In an intense conclusion Friday to the murder-and-arson case of former Palo Alto hookah lounge owner Bulos "Paul" Zumot, who was convicted in February, Judge David Cena sent Zumot from the courtroom prior to sentencing after a disturbed Zumot accused the judge of corruption and repeatedly proclaimed his own innocence.
Cena eventually sentenced Zumot 25 years to life for the murder of his girlfriend, Palo Alto real-estate agent Jennifer Schipsi, plus 8 years for aggravated arson, stemming from the Oct. 15, 2009, fire at the Addison Avenue cottage the couple shared. Schipsi's body was found inside the cottage. Zumot will serve the sentences consecutively.
The sentencing in Santa Clara County Superior Court in San Jose began with more than a half-hour delay when attorneys met with Cena in the judge's chambers. The attorneys discussed, it was revealed to the packed courtroom, that Zumot had fired his attorney, celebrity lawyer Mark Geragos, and his team.
Defense attorney Tina Glandian asked the court to postpone Zumot's sentencing until he could be appointed a public defender. She said Geragos' team had prepared a motion for a new trial. But Zumot had instructed them through his family not to file the documents and had fired his attorneys. She said she was not prepared for sentencing.
Cena pointed out it had been 8 months since Zumot's conviction. He called it "a vague assertion" that Zumot now wanted to hire an attorney. Neither Zumot nor his attorneys had asked permission from the court to relieve Geragos, as is required, Cena said.
Zumot told the judge that he had fired Geragos because the attorney did not call any witnesses who could speak to his innocence or file any documents to show that he did not commit the crimes.
But Cena said Zumot had ample time to find another attorney to be in court, since Zumot said he had fired Geragos a month ago.
"It sounds like it is being done at this stage to delay the sentence," Cena said, adding even having a new attorney present would not alter sentencing.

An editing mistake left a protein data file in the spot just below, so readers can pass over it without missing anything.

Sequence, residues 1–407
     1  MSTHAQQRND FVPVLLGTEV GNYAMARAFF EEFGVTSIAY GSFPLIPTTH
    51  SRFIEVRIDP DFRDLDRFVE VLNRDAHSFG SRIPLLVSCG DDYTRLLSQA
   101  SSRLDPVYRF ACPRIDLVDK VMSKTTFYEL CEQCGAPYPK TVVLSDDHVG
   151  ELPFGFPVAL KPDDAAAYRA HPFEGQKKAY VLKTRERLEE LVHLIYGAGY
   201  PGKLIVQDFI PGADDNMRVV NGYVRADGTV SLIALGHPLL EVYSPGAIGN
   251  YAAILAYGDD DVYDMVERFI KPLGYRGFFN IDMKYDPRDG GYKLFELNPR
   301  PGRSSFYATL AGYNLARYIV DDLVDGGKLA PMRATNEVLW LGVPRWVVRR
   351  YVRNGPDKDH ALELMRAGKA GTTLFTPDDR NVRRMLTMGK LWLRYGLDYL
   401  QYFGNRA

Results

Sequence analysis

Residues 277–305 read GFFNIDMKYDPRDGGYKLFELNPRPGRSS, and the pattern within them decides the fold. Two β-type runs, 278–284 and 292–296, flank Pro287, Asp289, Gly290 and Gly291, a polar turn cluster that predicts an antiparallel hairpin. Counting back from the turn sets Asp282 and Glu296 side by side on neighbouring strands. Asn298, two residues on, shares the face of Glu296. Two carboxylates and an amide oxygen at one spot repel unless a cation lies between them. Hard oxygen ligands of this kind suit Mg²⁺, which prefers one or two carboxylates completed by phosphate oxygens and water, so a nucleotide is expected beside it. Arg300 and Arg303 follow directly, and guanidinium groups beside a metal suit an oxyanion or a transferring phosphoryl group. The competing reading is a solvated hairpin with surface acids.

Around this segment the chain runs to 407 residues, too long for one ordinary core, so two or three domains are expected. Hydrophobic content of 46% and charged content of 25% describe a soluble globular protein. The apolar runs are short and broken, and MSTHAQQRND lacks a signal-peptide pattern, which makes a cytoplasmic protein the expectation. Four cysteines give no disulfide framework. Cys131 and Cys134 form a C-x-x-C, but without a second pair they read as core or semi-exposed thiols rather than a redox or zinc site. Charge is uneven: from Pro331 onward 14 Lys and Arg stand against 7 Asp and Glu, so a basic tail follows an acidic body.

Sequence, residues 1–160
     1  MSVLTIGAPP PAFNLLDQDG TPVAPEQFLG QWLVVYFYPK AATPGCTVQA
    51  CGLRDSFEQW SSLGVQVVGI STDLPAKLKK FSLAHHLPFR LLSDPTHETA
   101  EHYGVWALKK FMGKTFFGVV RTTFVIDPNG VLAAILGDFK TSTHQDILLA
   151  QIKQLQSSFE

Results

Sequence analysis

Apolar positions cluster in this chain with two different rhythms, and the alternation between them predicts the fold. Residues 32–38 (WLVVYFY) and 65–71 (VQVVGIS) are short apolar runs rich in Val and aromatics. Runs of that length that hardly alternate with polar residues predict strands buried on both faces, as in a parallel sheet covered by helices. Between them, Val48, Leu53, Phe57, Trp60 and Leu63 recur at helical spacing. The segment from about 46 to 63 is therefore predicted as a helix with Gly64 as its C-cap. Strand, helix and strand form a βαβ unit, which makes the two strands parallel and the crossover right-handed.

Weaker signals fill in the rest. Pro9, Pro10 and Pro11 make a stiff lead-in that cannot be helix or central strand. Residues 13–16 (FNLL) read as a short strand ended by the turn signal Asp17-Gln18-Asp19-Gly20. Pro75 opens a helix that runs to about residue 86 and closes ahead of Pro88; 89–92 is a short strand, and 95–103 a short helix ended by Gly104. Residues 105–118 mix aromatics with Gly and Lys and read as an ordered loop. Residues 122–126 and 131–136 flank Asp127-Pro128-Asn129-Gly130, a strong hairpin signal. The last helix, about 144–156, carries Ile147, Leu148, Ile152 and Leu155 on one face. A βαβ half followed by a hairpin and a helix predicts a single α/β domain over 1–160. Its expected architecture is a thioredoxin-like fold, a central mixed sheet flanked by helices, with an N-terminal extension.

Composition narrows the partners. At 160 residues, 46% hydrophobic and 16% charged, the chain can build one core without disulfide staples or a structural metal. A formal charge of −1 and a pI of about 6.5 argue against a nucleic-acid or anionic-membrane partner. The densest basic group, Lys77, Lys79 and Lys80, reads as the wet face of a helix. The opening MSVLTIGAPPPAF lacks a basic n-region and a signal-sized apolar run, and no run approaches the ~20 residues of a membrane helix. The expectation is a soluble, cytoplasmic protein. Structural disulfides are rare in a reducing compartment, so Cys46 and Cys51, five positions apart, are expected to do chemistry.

"Miss Glandian has not been relieved and has an obligation to represent you. The motion to continue the sentencing is denied," Cena said.
"Hold on, hold on, hold on. I'm innocent!" Zumot hollered.
"You've been for the DA (district attorney) since day one," Zumot accused the judge.
"You were convicted by a jury …" Cena started to say, over Zumot's proclamations of innocence.
"I don't agree with this. I don't want to be here. I don't want to hear this. Take me away from here," Zumot shouted, as Glandian tried to calm him down.
"You are corrupt," he yelled at Cena.
"You framed me," he said, turning to Deputy District Attorney Chuck Gillingham. "The DA is a liar. The Palo Alto police are liars."
"I'm an innocent man! I'm innocent!" he shouted.
Jim Schipsi, Jennifer's father, stood to make his victim's family's statement, hands trembling slightly as he read from a note pad. He thanked the court and the police and prosecutor for obtaining justice for his daughter. But he had harsh words for Zumot and his court behavior.
"I believe it's quite apparent the kind of a monster we're dealing with here," he said.
"You are the monster," Zumot shouted. "I am an innocent man!"
Three bailiffs circled around Zumot, who turned in his chair as he shouted but did not rise.
"Our Jennifer Marie was sweet and loving. ... She was a beautiful flower," Schipsi continued, as Zumot shouted over him.
Schipsi raised his voice, trying to be heard over Zumot's continued protestations.
"One day she made a terrible mistake. She met you," he said, as Schipsi's mother and family friends and relatives wept loudly.
Cena stopped the proceedings and instructed that Zumot should be removed from the courtroom. His hands still shackled to his waist, Zumot was confined to a prisoner holding room where he would hear the court proceedings through an audio feed.